But that wasn’t the end of the scrounging. In the fall, I began my training as a student at the Washington Center for Politics and Journalism, which came with a small stipend but more importantly included an internship at CNN’s Washington bureau.

Talk about doing the job of regular staffers! I was quite literally former CNN economics/political correspondent Brooks Jackson’s researcher, field producer, and tape logger — a job I particularly despise to this day and still have to do. But demand payment? Are you kidding? Brooks was like my father-away-from-home offering me advice about the biz and life in general. He is still a wonderful mentor and friend. Plus, it was through him that I met Treasury Secretary Larry Summers, when Brooks interviewed him in a majestic room inside the Treasury Building. On other days, Brooks would introduce me to some of the smartest people in the world studying this issue or that at the Heritage Foundation, Brookings Institution, Cato Institute, or Congressional Budget Office.

Believe me, 90% of it wasn’t glamorous, though. There were hours spent transcribing long interviews and adding asterisks around soundbites that I thought might work for Brooks’ next piece. I would get dizzy searching for b-roll in the bureau’s cavernous video library, where the numbering system never seemed to make sense. Plus, there were lots of long days. When I worked for him, Brooks was reporting for Wolf Blitzer’s show, which at that time didn’t air until 8 p.m.

Keep in mind, Brooks was working even harder than I was. He was logging, researching, and corralling interview subjects before I got to his office in the morning and was staying much later than I was at night. He also always wrote his own package scripts. So maybe some of this passion for a good ol’ fight against The Man comes from interns who worked for network divas who expect producers and interns to do everything for them.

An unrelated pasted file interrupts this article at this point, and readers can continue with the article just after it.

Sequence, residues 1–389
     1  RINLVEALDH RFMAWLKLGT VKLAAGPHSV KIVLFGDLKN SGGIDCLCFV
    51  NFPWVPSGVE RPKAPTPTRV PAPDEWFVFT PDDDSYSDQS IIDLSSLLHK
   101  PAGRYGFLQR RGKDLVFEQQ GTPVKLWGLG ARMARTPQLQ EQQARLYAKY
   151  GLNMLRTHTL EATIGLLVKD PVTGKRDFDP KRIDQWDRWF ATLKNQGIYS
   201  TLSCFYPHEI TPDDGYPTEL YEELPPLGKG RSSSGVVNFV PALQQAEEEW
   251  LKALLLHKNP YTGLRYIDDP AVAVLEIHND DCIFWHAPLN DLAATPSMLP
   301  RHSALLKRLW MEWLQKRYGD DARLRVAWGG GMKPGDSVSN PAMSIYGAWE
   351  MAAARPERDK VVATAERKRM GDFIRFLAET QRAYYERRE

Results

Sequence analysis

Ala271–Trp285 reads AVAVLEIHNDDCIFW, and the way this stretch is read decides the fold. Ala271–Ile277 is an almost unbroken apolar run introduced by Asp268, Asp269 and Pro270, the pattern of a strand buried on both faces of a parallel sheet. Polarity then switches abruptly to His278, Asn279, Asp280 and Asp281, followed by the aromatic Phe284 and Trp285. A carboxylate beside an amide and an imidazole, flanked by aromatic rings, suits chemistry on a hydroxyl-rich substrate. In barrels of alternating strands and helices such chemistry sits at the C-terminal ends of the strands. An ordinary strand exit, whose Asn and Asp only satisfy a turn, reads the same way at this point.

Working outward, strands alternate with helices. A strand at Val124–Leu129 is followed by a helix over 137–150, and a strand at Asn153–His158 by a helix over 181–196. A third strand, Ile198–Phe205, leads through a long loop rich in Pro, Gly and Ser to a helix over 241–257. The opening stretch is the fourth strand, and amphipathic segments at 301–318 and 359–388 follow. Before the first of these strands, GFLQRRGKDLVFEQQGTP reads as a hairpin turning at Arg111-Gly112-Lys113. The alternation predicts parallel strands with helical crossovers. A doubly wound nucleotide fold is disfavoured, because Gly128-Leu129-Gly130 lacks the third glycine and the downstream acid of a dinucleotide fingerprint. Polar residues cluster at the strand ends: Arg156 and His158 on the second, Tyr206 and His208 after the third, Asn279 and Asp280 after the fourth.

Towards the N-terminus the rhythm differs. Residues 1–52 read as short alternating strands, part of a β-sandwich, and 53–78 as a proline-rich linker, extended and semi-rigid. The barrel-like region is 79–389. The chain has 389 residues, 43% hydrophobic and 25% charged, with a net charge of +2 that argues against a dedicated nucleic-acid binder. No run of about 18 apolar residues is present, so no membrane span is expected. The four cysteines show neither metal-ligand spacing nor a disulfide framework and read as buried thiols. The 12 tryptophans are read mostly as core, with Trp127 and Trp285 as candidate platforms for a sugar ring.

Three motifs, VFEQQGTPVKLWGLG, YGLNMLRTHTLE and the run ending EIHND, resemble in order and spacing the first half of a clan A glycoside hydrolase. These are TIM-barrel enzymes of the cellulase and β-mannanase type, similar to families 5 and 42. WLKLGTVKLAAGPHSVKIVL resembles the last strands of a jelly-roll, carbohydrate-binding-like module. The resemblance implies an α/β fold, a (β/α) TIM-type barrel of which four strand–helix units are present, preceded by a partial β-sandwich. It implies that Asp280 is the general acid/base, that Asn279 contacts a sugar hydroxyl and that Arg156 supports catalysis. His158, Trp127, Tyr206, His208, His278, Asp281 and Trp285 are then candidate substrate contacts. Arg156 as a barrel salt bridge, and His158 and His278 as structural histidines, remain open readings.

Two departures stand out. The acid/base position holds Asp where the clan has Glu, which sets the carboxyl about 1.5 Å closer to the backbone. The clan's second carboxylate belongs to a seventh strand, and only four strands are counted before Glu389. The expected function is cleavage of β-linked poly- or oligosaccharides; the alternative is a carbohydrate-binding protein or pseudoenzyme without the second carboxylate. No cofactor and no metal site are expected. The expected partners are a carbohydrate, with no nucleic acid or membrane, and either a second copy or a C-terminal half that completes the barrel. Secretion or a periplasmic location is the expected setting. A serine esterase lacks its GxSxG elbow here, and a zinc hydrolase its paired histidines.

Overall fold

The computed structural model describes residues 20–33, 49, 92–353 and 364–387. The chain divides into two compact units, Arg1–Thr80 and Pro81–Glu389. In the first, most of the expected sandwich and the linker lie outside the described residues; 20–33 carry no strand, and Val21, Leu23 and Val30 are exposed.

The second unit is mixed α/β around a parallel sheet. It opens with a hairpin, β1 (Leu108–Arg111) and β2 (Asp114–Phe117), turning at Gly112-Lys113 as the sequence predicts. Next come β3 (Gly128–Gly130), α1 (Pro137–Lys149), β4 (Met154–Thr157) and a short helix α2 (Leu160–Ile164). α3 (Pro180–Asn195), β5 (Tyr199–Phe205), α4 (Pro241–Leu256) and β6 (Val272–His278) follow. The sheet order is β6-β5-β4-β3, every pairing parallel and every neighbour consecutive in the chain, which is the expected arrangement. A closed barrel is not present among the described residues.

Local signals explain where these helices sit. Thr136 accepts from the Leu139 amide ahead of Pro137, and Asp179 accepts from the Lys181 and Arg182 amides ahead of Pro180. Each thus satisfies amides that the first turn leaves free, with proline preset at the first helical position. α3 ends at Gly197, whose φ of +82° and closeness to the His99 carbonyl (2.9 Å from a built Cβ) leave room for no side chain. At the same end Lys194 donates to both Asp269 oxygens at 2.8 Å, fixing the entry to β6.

However, to sue Old Media or New Media because you weren’t paid for the time you toiled away preparing interview materials for Charlie Rose or because you were asked to help book guests for MSNBC seems to me to be the height of ungratefulness.

Do you realize what a chance these broadcasters are taking even letting someone as unqualified as a college student, like I was, in the door? Do you realize the damage you could do to a world class news organization with one screw-up that gets on-air? But even without having had any qualifications — and even with all the real world education you got and the contacts you made through that opportunity — you’re going to turn around later and demand that they pay you?

Excuse me, but unless there was some egregious treatment by these media companies that I’m not aware of, the former interns behind these lawsuits will not be receiving any sympathy from me.

And to current and future interns: If you’re not getting anything out of your internship, quit. Otherwise, suck it up and take in all you can take in. At the end of it, if you didn’t have the time of your life, it’s not an attorney you need to consult. You need to go see your college’s career counselor because apparently this one’s not for you.

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For more information on the federal rules governing internships and whether your station/network might be at risk of a lawsuit alleging that interns should’ve been paid, the U.S. Dept. of Labor has created this fact sheet. In addition, you’ll want to consult your company’s attorneys to make sure your current and future internship programs meet the guidelines.

Matthew Nordin is an investigative reporter at WXIX-TV in Cincinnati. Join him on LinkedIn and follow him on Twitter @FOX19Matthew.